An example of this behavior on my Christmas tree came from a Muslim friend. She went home to Palestine to visit her family and brought me a gift – a set of Christmas ornaments, beautifully carved from olive wood. Friendship, not political correctness, motivated her to bring something that would enhance my Christmas that she did not celebrate.

I’ll return your “Merry Christmas!” if that is your greeting to me since I hope we both have one. But I may start with “Happy Holidays.” I like its efficiency since it reaches all varieties of winter celebrations and all the time through New Year’s – and on through Mardi Gras in South Mississippi and Louisiana.  

Now if you decide to abandon the blog and cancel the friendship, you may, but I hope whatever you are celebrating is joyful all the same. 


Before Morning

Not only am I making sure November does not end without my taking note of picture book month, I am invoking my oldest child personality and telling you how to read my newest treasure in this genre.

Having fallen in love with the author/illustrator team of Joyce Sidman and Beth Krommes in Swirl by Swirl, I didn’t even need to see the great reviews to know I had to have their newest book, Before Morning. I bought it for myself, but as you can see, I’m willing to share.

The illustrations by themselves tell a story. The poem, that Joyce calls an invocation in her author’s note, also has meaning when taken alone. I can only think to describe what happens to the combination in terms of a Reese’s peanut butter cup. The peanut butter layer is tasty, the chocolate layer is luscious, but the combination is exquisite.  That’s where my advice comes in.

I recommend a first read of the illustrations with close attention to the longing of the child for the mom to stay home. (The child could be boy or girl by the way the paintings are done. I took it to be a girl because I relate to that, but I think a boy reader might do the opposite.) The painting of the girl hiding the pilot’s hat and the opened Amelia Earhart biography gives a clue about her mother’s job and why she might be leaving as night falls. Follow the visual clues for emotions of the characters from the beginning to the end. The second time through add the story invocation. Exquisite!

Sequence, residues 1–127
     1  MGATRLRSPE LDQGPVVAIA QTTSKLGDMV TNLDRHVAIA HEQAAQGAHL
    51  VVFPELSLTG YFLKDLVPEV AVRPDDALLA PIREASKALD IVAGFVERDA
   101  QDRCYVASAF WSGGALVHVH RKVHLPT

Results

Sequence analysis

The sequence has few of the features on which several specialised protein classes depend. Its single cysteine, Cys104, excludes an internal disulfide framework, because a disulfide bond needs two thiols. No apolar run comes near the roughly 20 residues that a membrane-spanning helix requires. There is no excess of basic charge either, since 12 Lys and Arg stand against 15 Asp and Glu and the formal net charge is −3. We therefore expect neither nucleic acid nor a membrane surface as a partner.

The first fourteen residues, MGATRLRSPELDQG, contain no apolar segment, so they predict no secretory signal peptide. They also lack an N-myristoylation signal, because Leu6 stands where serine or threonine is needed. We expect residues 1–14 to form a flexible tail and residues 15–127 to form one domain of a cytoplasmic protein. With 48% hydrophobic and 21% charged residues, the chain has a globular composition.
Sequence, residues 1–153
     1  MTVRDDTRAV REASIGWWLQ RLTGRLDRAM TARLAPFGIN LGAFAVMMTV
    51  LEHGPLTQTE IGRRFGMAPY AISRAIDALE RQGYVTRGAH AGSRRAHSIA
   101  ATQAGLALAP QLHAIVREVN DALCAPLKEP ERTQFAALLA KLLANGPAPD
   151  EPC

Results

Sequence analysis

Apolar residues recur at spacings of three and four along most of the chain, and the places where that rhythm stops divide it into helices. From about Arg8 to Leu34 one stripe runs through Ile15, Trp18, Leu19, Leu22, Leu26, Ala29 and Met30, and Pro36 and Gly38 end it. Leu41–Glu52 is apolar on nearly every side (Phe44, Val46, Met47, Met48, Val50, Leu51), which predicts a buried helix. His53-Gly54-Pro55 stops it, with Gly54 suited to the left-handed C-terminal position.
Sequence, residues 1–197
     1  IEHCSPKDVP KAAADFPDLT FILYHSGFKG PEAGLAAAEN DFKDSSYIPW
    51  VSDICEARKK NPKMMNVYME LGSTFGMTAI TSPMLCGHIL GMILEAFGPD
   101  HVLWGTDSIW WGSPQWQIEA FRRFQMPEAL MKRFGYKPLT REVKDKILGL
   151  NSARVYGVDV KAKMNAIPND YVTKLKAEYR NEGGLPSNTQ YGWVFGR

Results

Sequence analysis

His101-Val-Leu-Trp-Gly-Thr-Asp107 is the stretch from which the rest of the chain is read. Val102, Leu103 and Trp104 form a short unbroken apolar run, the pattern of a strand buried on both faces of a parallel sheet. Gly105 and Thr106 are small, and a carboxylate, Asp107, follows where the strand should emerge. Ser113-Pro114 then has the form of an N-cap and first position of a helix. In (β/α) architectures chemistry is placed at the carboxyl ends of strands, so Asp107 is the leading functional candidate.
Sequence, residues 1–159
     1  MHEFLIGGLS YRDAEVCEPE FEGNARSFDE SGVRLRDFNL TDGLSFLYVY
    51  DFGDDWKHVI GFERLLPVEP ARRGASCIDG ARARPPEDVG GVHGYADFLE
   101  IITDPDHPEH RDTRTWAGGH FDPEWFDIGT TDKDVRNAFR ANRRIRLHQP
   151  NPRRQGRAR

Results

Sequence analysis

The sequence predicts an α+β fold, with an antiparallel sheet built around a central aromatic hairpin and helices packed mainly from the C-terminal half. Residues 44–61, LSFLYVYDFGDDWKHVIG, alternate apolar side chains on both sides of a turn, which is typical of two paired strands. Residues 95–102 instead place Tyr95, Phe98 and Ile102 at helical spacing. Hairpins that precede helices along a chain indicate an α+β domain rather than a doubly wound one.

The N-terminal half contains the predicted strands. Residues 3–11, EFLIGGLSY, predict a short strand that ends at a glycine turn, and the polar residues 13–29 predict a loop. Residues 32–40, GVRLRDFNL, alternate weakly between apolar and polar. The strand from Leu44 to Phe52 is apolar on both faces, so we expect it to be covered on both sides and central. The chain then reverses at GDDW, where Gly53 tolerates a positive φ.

Feel free to do as my sisters often did and ignore my suggestion, but you can see that I tried it out with stellar results.

It’s no wonder that Before Morning made the Kirkus List of Best Picture Books of 2016. It made mine, too. The cover lists Joyce Sidman as a former Newbery Honor winner and Beth Krommes as a former Caldecott medalist. I’m predicting that Before Morning will join their other books on awards shelves as the 2016 honors begin to come in.


About That Dressing

If you’re from the South, we can agree right off the bat that stuffing is out, dressing is in – not the location, the rightness component. I realize that technically, the reverse is true – dressing is cooked outside the bird and stuffing is cooked inside. We can also agree that cornbread forms the base of the concoction. After that, it’s pretty much every cook to his/her own devices.

How moist it should be and what gets added to the mix can vary from cook to cook. My mother believed in cornbread replete with the Holy Trinity (onion, green peppers, and celery), though she used that term only in another context, not in cooking. When I married, I discovered sage since my mother-in-law used a tad of onion and a generous supply of sage. Somehow with the same cornbread base, it also had a finer texture than my mother’s. I happily stuffed myself on either or both for a number of Thanksgivings.